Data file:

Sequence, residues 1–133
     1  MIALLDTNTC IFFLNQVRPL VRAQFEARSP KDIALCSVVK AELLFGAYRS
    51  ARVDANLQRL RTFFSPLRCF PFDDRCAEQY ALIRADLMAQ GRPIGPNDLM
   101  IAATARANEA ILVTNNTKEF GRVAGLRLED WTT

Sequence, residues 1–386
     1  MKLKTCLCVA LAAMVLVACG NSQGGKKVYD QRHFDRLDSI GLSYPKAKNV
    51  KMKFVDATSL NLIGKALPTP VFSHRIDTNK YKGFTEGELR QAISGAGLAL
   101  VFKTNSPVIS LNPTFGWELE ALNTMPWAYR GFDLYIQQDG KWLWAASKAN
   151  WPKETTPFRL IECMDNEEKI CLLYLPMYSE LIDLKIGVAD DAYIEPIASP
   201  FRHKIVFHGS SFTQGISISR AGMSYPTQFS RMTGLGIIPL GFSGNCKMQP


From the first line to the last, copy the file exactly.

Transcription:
Sequence, residues 1–133
     1  MIALLDTNTC IFFLNQVRPL VRAQFEARSP KDIALCSVVK AELLFGAYRS
    51  ARVDANLQRL RTFFSPLRCF PFDDRCAEQY ALIRADLMAQ GRPIGPNDLM
   101  IAATARANEA ILVTNNTKEF GRVAGLRLED WTT

Sequence, residues 1–386
     1  MKLKTCLCVA LAAMVLVACG NSQGGKKVYD QRHFDRLDSI GLSYPKAKNV
    51  KMKFVDATSL NLIGKALPTP VFSHRIDTNK YKGFTEGELR QAISGAGLAL
   101  VFKTNSPVIS LNPTFGWELE ALNTMPWAYR GFDLYIQQDG KWLWAASKAN
   151  WPKETTPFRL IECMDNEEKI CLLYLPMYSE LIDLKIGVAD DAYIEPIASP
   201  FRHKIVFHGS SFTQGISISR AGMSYPTQFS RMTGLGIIPL GFSGNCKMQP